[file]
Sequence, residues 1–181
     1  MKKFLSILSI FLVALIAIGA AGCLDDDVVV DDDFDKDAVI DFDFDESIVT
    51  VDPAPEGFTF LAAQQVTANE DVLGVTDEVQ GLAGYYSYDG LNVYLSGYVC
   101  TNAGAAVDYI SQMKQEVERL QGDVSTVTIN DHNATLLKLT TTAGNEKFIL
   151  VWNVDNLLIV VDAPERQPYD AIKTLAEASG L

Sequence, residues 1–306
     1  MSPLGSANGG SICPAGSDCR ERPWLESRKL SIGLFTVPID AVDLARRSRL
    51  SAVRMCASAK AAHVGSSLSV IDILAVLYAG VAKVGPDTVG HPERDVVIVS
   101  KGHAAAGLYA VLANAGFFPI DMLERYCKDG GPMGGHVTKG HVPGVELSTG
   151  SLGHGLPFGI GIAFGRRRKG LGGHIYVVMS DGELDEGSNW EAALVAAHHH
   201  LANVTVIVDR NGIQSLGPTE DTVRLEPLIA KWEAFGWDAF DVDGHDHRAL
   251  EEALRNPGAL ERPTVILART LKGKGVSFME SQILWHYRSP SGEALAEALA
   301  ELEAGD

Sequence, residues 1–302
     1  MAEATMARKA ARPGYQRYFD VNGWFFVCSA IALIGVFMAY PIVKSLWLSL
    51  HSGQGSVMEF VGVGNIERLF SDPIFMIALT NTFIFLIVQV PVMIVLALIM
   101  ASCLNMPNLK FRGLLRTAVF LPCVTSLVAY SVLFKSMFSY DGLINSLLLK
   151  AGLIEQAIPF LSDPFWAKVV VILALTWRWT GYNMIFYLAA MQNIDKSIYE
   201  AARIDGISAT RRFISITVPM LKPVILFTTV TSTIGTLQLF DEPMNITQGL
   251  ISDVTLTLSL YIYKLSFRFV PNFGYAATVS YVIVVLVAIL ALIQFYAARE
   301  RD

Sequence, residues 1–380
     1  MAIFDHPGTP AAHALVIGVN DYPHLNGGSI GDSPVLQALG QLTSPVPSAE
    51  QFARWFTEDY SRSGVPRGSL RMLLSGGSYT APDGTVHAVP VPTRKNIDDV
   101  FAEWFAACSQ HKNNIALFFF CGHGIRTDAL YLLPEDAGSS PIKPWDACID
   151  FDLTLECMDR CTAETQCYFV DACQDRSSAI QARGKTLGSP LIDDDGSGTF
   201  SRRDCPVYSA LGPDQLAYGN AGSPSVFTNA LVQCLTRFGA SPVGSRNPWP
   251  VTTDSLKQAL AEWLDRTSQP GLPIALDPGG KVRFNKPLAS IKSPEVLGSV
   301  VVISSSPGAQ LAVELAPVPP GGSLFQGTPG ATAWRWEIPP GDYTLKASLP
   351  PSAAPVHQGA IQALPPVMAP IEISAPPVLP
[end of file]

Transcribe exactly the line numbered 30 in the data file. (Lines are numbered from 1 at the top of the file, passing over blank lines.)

   351  PSAAPVHQGA IQALPPVMAP IEISAPPVLP